Kitchen Table Chats
Union Joints’ Tanya Fallon revives a coffee cake memory
Photographs by Joe Vaughn
“As a little girl, I remember my mother always having coffee cake and coffee when we had friends and family over,” says pastry chef Tanya Fallon. “They would sit at the kitchen table for hours and chat with the coffee cake between them. Coffee cake and coffee evoke wonderful memories. I love the combination. For this recipe I’ve added cranberries to brighten up this seasonal favorite.” Fallon’s career has taken her from culinary school in Chicago to such kitchens as Ambria in Chicago, and locally Tribute, Forte, Tallulah, and Cork Wine Bar prior to her current position as executive pastry chef for the Union Joints (Union Woodshop, Clarkston Union, Vinsetta Garage, and Fenton Fire Hall). —Molly Abraham
Cranberry Spiced Streusel Cake (Serves 6)
1 cup all-purpose flour
½ cup plus 2 tablespoons sugar
¾ teaspoon baking powder
¼ teaspoon baking soda
½ teaspoon salt
1 teaspoon cinnamon
¼ teaspoon ground ginger
1/8 teaspoon each clove and nutmeg
4 ounces (1 stick) cold, cubed butter
3 egg yolks
½ cup sour cream
1 teaspoon vanilla
Combine dry ingredients and cut the butter into them until crumbly and no butter is visible. Mix the yolks, sour cream, and vanilla together in a separate bowl. Add the liquid to the dry and mix just until incorporated.
½ cup sugar
2 teaspoons pectin
1 pound cranberries, washed
Juice of 2 oranges
Whisk the sugar and pectin together. Combine with cranberries in a 2-quart pot. Bring to a boil and add orange juice. Boil for 2 minutes. Chill and let set completely in the fridge.
½ cup all-purpose flour
½ cup brown sugar
¼ cup oatmeal
¼ cup chopped pumpkin seeds
½ teaspoon cinnamon
4 ounces (1 stick) cold, cubed butter
Mix dry ingredients together. Cut butter into the dry items and mix until crumbly and no butter is visible.
Use cooking spray on a 9-inch cake pan and line with parchment paper. Pour the cake batter into the lined pan. Pour cranberries on top. Top with the streusel and bake approximately 40 minutes at 350 F. Test with a toothpick. It should come out clean and cranberries will be bubbling. Serve at room temperature.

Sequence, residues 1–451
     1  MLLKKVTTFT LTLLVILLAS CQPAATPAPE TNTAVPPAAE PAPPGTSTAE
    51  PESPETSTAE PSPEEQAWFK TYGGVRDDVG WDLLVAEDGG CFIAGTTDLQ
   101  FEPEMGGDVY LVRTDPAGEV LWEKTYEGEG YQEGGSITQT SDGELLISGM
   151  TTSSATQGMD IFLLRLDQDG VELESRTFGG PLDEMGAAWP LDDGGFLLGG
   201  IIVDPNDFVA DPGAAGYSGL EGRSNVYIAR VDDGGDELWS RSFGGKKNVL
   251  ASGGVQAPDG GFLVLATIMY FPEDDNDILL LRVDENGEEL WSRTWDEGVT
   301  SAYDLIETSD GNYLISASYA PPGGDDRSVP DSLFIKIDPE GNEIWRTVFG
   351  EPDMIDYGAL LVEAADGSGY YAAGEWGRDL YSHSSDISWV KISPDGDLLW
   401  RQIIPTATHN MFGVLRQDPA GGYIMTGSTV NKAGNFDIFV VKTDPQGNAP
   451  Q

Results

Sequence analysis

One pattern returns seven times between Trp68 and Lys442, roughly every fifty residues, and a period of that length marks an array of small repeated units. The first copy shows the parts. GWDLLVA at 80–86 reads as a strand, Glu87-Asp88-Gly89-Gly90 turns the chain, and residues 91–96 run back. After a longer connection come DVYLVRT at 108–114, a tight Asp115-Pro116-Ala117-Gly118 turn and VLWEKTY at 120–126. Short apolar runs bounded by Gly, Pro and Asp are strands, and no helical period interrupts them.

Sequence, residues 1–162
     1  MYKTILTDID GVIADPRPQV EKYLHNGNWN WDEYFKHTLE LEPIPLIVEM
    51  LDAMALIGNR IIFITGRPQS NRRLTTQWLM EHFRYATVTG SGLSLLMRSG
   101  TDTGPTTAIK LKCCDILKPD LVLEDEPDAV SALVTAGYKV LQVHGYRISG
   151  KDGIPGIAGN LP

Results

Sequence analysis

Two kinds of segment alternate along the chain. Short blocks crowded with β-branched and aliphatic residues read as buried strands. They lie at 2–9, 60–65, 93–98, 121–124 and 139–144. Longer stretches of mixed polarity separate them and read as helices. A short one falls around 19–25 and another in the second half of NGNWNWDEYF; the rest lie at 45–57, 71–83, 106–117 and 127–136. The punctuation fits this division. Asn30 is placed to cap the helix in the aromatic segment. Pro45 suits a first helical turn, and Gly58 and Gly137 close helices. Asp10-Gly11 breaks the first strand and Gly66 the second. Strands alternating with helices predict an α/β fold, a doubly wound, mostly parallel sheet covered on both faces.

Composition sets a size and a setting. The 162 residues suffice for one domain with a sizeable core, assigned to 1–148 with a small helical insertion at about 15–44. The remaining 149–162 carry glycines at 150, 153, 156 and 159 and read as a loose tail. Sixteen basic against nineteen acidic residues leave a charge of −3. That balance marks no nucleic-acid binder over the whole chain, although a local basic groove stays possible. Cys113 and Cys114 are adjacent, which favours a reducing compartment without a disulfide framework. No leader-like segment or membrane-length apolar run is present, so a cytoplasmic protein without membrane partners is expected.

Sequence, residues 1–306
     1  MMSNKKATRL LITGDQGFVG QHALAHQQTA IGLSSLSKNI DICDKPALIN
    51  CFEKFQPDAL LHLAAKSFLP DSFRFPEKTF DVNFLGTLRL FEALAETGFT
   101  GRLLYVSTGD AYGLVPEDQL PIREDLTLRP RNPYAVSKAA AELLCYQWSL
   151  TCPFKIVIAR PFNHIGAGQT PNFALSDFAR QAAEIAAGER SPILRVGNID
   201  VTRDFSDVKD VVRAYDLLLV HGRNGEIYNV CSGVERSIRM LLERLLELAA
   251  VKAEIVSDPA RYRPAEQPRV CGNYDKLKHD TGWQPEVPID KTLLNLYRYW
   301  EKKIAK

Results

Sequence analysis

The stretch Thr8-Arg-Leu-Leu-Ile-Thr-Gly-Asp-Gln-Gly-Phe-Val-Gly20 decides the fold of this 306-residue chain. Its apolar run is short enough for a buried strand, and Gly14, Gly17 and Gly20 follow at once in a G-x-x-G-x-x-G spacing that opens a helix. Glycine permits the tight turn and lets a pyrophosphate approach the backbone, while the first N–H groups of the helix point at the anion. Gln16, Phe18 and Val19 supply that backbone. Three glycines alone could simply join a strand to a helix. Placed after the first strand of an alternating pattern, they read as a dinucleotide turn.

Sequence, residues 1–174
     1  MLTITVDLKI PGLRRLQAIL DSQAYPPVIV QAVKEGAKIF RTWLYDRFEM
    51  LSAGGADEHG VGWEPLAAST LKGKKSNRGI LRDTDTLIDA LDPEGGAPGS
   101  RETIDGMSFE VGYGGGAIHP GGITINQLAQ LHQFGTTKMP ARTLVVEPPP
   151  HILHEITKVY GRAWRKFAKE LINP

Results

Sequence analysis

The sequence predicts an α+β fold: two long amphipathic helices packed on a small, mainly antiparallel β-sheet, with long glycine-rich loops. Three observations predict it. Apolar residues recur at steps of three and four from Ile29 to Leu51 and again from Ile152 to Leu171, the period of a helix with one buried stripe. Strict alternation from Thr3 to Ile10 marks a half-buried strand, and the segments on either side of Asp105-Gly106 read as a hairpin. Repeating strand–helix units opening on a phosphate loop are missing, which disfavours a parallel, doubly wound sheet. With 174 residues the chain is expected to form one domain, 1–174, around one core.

Restaurant veteran Molly Abraham noshes around town, tracking down some top spots.
CENTRAL KITCHEN & BAR /// The first floor space facing Campus Martius in the First National Building has been transformed. The former bank branch is now an appealing restaurant with a dining room and bar done up in soft gray and white under a mix of industrial light fixtures including reclaimed searchlights. The menu offers crowd-pleasing dishes including buttermilk fried chicken, shrimp and grits, burgers, and salads, most of which are available at lunch and dinner. The wine list includes about 30 wines by the glass, beer on tap, and of course, craft cocktails. Dennis Archer Jr. and two partners are the proprietors. 660 Woodward Ave., Detroit; 313-963-9000. L & D Mon.-Fri., D Sat., L Sun. $16 H
MUDGIE’S DELI /// The artisan deli in a building that dates to the early part of the 20th century has been serving its signature sandwiches, each one of which has a unique name, long before Corktown was cool. Even with added capacity and a patio, seats are almost always filled in search of The O’Leary (pastrami, Swiss, greens) or the Brooklyn (beef brisket, bacon, and beer cheese) on the long list. Soups come in multiples too, often four varieties a day. Greg Mudge and his friendly crew add to the comfort level. 1300 Porter St., Detroit; 313-961-2000. L & D Mon.-Sat., Br. Sun. $10 H
Central Kitchen & Bar: Pickled beets with Gorgonzola, red onion, pine nuts, watercress, and castelvetrano olives, tossed with white balsamic vinaigrette.
Symbol: H Handicap accessible
Notes: Dollar amount is the average entree price